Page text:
Elaine Pazaski, Shay Munroe and Charlotte Bailey as the Magrath sisters in “Crimes of the Heart.”

Elaine Pazaski, Shay Munroe and Charlotte Bailey as the Magrath sisters in “Crimes of the Heart.” (Ben Crop)

The Theatre Group at SBCC concludes its 2017-18 season with the Pulitzer Prize-winning play Crimes of the Heart by Beth Henley, April 11-28, 2018 in the Jurkowitz Theatre. The production is directed by R. Michael Gros.

Crimes of the Heart won the 1981 Pulitzer Prize and the New York Drama Critics Circle Award.

A synopsis: The scene is Hazlehurst, Miss., where the three Magrath sisters have gathered to await news of the family patriarch, their grandfather, who is living out his last hours in the local hospital.

Lenny, the oldest sister, is unmarried at 30 and facing diminishing marital prospects. Meg, the middle sister, who outgrew Hazlehurst, is back after a failed singing career on the West Coast; Babe, the youngest, is out on bail after having shot her husband in the stomach.

The play is the story of how the young characters escape the past to seize the future.

Henley was born in 1952 in Jackson, Miss. She was one of four sisters. Her parents were Charles Boyce, an attorney, and Elizabeth Josephine Henley, an actress.

Henley attended Southern Methodist University, where she was a member of the acting ensemble. While in college, Henley completed her first play, a one-act titled Am I Blue. She graduated from Southern Methodist in 1974 with a BFA.

From 1975-76, she taught playwriting at the University of Illinois and the Dallas Minority Repertory Theater. In 1976 Henley moved to Los Angeles and began work on Crimes of the Heart, her first professionally produced play.

It opened at the Actors Theatre of Louisville in 1978, where it was declared co-winner of a new American play contest. The play moved to New York and was produced by the Manhattan Theatre Club.

Crimes of the Heart also earned Henley a Tony Award nomination, and her screenplay for the film version was nominated for an Oscar as Best Adapted Screenplay.

Henley has said growing up with three sisters was a major inspiration for Crimes of the Heart.

Crimes of the Heart at SBCC cast includes Charlotte Bailey, Leesa Beck, George Coe, Shay Munroe, Elaine Pazaski and Nicholis Sheley.

Bailey (Meg Magrath) is making her debut performance with The Theatre Group at SBCC. She has performed in other California theaters including Enceladus Theatre Company and Will Geer’s Theatricum Botanicum of Los Angeles. Among her favorite roles are Hedda in Hedda Gabler, Kate in The Taming of the Shrew, and Amanda in The Glass Menagerie.

Beck (Chick Boyle) is returning to the stage after taking a hiatus to finish her Ph.D in education at UCSB, where she currently serves as university registrar. Favorite past roles locally include Titania in A Midsummer Night’s Dream and Stephanie in Time of My Life (The Theatre Group at SBCC), and Maggie in Red Herring (Circle Bar B Theatre).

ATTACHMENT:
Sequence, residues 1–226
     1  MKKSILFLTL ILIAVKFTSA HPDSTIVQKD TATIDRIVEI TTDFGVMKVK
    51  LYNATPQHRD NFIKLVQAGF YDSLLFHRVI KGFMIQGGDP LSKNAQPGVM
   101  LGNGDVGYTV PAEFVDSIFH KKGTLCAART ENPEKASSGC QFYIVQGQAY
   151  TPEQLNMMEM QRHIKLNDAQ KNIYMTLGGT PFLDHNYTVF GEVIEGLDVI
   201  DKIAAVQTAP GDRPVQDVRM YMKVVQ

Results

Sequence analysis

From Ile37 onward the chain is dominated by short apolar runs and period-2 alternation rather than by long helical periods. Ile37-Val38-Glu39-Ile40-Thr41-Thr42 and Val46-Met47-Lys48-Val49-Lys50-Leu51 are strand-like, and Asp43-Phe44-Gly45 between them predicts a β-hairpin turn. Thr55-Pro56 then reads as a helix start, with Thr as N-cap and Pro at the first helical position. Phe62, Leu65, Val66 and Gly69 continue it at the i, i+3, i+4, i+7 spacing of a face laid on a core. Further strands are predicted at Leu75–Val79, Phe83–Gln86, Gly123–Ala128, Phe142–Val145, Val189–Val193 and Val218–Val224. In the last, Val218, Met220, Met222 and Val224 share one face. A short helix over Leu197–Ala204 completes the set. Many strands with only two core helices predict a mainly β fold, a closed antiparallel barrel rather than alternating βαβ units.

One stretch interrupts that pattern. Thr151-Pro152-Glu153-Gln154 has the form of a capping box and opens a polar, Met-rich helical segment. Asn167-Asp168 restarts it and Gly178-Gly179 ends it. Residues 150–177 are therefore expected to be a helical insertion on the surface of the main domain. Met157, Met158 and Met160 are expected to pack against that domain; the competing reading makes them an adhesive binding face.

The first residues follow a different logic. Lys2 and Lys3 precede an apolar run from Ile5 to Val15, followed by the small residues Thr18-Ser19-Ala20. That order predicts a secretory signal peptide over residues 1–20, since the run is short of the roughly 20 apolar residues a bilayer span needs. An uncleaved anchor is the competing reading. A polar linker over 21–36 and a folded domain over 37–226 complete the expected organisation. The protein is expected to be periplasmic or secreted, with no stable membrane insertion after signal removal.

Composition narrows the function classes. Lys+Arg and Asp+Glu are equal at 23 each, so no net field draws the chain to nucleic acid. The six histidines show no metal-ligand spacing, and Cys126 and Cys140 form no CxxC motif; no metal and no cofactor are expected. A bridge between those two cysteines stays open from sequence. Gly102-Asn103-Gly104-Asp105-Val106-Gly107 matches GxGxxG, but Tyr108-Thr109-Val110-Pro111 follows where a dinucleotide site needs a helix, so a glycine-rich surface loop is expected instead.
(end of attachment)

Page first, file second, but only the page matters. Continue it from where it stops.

COE (Barnette Lloyd) has appeared on stage with The Theatre Group at SBCC in Communicating Doors, Sherlock Holmes: The Hounds of Baskerville, Picasso at the Lapin Agile and Stirring the Pot.

He performed at Center Stage in Morning’s at Seven and Ghetto; at Circle Bar B in Noises Off, The Fox on the Fairway, Return Engagements and The Girl in the Freudian Slip.

Munroe is making her debut performance for The Theatre Group at SBCC in Crimes of the Heart. She has played a variety of roles, mainly on stage, the most recent in SBCC Theatre Arts Department’s Student Showcase as Annie in Foreplay: or The Art of the Fugue by David Ives.

Pazaski (Lenny Magrath) works locally with the Lit Moon Theatre Company, UCSB, Westmont College, Elements Theatre Collective, and SBIPP as an actress, dramaturg and educator. She recently appeared with The Theatre Group at SBCC in One Man, Two Guvnors. Other credits: The Nina Variations, The Insect Comedy and The Pirates of Penzance.

Sheley (Doc Porter) was last seen in SBCC Theatre Department’s It’s a Wonderful Life as Freddie Filmore. Sheley grew up in Santa Maria where he graduated from the two-year acting program at PCPA. He is best known for his roles as Donalbain in Macbeth and Edmund in The Lion, The Witch, and The Wardrobe.

GROS, the dirctor, is a member of the professional theatre directors union (SDC), currently serves as an associate professor, and is the former Co-Chair of Theatre Arts at Santa Barbara City College. He is a Fulbright finalist.

He served as artistic director for six seasons with PCPA Theaterfest and is co-artistic director of PlayFest Santa Barbara.

Performances are 7:30 p.m. Wednesday through Saturday; 2 p.m. Sunday April 15 and 22; 2 p.m. Saturday matinees April 21 and 28. The 2 p.m. April 15 performance will be live-captioned for the hearing impaired.

Ticket prices are: Previews April 11-12, $18 general/$15 seniors/$10 students; Wednesday and Thursday evenings, Saturday and Sunday matinees, $24 general/$19 seniors/$14 students; Friday and Saturday evenings, $26 general/$21 seniors/$17 students. 

Tickets can be purchased at the Garvin Theatre Box Office, 965-5935 or online at www.theatregroupsbcc.com.

The Jurkowitz Theatre is wheelchair accessible and has assisted listening headsets. Parking is free. Due to the intimate nature of the theater, no late seating is permitted.

— Pamela Lasker for the Theatre Group at SBCC.